As I mentioned before, my dad's experience was good with hospice. So, with a sample size of 1, we thought the experience would be similar for my mother. Not even close.
The workers came by twice a week, and brought a bag of meds they left in the refrigerator. Morphine, Tessalon Perles, and all other kinds of things. That was their version of "hospice care". Five minutes with her, five minutes with me, and they left. I had to feed my mom through her stomach tube, sponge bathe her, get her to the bathroom, etc. Then the diapers and everything else.
I called the hospice manager, was assured it would change. It didn't. We couldn't keep up with the level of care she required with four little kids in the house and had to admit her to the hospital. By the time I understood what was really going on, my mom passed in the hospital.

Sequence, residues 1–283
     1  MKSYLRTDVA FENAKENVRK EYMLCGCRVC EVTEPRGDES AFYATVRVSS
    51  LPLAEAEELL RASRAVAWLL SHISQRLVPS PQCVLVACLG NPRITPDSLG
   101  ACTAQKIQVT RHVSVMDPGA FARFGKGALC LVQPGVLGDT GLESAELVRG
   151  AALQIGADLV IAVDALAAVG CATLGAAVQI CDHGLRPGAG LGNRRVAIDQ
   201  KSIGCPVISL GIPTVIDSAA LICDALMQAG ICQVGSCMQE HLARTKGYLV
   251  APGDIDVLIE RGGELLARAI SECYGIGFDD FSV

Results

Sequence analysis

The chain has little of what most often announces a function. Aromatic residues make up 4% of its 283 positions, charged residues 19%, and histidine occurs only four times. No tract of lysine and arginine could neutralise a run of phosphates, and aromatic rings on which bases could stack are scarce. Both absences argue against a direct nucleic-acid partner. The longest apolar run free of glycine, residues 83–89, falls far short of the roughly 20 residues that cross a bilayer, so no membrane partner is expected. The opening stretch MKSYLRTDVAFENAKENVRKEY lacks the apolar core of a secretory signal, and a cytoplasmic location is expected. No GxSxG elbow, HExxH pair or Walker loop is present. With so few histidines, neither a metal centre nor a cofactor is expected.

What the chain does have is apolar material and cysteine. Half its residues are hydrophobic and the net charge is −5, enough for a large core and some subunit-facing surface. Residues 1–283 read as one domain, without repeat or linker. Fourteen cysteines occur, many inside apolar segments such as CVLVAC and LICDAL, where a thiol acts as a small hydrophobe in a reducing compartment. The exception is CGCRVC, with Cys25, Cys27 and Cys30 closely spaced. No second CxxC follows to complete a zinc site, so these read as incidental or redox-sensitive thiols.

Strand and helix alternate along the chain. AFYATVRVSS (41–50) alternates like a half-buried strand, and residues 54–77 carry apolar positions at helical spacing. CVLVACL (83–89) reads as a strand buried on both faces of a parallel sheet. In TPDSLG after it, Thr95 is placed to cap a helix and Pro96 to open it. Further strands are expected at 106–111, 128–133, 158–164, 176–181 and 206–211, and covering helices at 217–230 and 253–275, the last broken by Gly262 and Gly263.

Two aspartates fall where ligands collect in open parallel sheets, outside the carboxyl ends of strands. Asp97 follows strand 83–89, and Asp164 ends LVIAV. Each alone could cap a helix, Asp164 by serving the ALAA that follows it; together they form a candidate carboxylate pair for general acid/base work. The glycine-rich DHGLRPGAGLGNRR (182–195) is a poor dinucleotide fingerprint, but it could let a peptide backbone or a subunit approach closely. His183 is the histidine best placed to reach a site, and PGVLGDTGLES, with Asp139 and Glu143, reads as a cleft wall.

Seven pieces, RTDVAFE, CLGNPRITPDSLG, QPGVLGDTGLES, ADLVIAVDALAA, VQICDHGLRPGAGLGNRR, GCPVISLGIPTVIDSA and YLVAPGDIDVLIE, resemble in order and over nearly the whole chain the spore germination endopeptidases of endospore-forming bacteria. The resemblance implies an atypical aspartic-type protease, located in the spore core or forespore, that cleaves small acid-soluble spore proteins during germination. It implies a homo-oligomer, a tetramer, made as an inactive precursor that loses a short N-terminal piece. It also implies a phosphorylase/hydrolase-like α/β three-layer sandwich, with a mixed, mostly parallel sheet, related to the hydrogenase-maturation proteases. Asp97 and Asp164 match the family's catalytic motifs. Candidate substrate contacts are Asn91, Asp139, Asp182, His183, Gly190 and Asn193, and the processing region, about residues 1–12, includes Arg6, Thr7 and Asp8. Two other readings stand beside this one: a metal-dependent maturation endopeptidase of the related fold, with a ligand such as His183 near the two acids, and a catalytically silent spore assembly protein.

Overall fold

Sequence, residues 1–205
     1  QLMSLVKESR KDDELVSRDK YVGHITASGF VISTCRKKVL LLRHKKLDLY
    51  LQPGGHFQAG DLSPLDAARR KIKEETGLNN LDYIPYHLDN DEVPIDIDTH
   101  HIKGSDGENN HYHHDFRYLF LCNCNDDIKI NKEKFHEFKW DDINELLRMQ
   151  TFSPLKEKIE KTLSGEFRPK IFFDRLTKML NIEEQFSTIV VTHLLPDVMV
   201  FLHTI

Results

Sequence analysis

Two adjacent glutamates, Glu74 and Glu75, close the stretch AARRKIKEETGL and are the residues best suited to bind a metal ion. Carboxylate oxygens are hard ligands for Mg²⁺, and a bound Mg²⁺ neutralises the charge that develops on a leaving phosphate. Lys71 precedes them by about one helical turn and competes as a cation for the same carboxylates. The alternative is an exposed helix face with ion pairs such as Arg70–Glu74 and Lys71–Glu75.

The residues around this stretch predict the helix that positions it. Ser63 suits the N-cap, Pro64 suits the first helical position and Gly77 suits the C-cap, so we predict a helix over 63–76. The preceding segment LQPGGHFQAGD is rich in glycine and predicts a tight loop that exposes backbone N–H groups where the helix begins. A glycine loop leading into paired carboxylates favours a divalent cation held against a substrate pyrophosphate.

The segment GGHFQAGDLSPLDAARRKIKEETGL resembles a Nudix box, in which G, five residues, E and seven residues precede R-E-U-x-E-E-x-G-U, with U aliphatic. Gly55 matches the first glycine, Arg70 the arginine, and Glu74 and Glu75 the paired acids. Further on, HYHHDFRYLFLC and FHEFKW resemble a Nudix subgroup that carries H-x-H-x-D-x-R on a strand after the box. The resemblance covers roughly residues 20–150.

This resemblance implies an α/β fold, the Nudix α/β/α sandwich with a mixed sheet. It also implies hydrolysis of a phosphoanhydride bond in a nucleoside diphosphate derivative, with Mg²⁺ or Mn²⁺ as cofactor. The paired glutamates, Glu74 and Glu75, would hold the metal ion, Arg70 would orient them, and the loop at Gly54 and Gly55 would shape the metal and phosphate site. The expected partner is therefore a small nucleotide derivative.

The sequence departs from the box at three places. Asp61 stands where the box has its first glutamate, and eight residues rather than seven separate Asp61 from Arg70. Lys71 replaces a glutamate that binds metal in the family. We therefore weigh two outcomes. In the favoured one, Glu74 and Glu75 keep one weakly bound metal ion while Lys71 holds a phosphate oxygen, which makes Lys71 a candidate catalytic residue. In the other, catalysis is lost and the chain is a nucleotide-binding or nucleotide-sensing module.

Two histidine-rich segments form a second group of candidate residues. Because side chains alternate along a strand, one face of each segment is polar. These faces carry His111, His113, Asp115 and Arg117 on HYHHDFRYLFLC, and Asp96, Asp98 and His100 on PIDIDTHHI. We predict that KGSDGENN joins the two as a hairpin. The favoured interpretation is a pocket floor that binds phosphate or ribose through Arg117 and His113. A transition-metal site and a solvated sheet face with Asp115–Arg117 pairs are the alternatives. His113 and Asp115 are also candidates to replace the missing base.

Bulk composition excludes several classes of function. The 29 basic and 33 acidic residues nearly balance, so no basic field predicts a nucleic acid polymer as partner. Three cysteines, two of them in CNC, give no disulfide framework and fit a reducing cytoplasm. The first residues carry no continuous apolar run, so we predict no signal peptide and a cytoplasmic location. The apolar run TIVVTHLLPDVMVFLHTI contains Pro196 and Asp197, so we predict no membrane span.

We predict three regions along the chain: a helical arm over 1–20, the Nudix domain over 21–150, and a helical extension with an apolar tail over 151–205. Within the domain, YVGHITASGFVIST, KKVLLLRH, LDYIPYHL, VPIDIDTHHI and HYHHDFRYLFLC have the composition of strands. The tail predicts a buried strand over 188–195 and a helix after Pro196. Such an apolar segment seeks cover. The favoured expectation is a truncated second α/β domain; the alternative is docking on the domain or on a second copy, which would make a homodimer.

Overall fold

At the hospital, the nurses there told me what was most likely going on with the "hospice" care. Billing was for seven days, but they only came by for two. Me calling the manager gave them a heads up and bought them time - I believed the manager and was duped.
IMO, some things shouldn't be "for profit". Those "hospice" workers and their company made it a horrible experience for my mom and my family because of their greed and my misplaced trust. I learned an important lesson, but it cost my mom.
I still have the pain from it and always will. The pain my mother suffered, and all the tears we cried over that experience have given me memories that I hope no one else ever has.
The reason I posted that article was I don't want anyone to go through what my mom did. The care was ridiculously poor - and I suspect they were fully compensated for much better care than she received.
Taking advantage of people in bad circumstances (funerals, hospice, etc.) should be illegal, but in a lot of cases it's not.
It is just unethical and immoral - but doesn't break laws - and IMO that is wrong.
I get "buyer beware" and all that, but when emotionally compromised it is hard to make good, informed decisions - especially when there is a dearth of information or only one choice to begin with.